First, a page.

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A look back at other attempts to remove school board members

How do you remove a school board member?

The state education commissioner can remove a board member for willful violation or neglect of duty, or for disobeying a law, or a decision, order or regulation of the commissioner or the Board of Regents.

A school board can remove one of its own for official misconduct after bringing charges and having a hearing. If a member is removed by the board, the member can appeal to the commissioner.

Remember Catherine Schrauth Forcucci? The former Hamburg Central School Board member is one of several Western New York school board members removed from office. The School Board removed her in September 2014 after finding her guilty of official misconduct. The Forcucci hearing encompassed nine sessions over five months. She appealed her removal to the education commissioner, and is still waiting for a decision, even though the term she held ended June 30, 2016. Robbin List was appointed to fill the term in 2014 until May 2015, when election was held for the remaining year on the term.

Education commissioners have removed four Western New York school board members in the last 24 years:

  • Victor J. Turchiarelli’s seat on the Buffalo School Board was declared vacant in 1992 by then-Commissioner Thomas E. Sobol after Turchiarelli failed to attend board meetings for more than a year because of a back injury.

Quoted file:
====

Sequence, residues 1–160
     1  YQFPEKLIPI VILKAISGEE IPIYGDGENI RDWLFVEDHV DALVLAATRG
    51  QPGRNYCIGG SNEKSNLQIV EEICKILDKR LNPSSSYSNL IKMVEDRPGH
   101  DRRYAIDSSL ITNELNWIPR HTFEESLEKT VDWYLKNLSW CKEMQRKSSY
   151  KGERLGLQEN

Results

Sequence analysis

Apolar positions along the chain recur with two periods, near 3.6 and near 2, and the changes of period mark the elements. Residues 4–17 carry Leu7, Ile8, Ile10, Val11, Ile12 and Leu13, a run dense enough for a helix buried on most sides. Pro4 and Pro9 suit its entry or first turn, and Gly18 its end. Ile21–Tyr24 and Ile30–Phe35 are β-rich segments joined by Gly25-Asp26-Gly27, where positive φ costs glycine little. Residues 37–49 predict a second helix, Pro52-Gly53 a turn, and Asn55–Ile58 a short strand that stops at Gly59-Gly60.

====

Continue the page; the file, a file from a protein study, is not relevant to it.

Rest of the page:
• Sobol also removed Lackawanna School Board member Edward V. Sabuda in 1995 because he knocked another board member to the floor during a public meeting.
  • Then-Commissioner Richard P. Mills removed Bonnie R. Gifford and Robert J. Weller from the Lewiston-Porter School Board in 2008. The board had appointed them to fill the seats held by Edward M. Lilly and Scott A. Stepien. Lilly and Stepien were removed by the board for failing to complete required financial training, but Mills reinstated them after deciding the efforts to oust them were premature.

Education commissioners also have upheld some local boards that have thrown off board members charged with misconduct, including the Lackawanna School Board when it removed Mark L. Balen from the board in 1999 and the Jamestown School District, which removed Deann Nelson in 2006. Also locally, the Iroquois Central School Board removed Michael J. McCormick III in 1994 for misconduct.

Appealing to the education commissioner is not usually a speedy process. The commissioner’s legal staff will not review the petition until those charged have filed answers, the petitioner files a reply, and other briefs have been filed, according to the state Education Department. That process usually takes about eight weeks after the original petition is filed, unless the parties receive extensions.

Once the file is complete, the commissioner’s Office of Counsel tries to issue a decision within six to eight months, or eight to 10 months after the petition was filed, according to its website. But with hundreds of petitions to the commissioner filed every year for a wide variety of actions, there is no guarantee of a specific time frame, it said.

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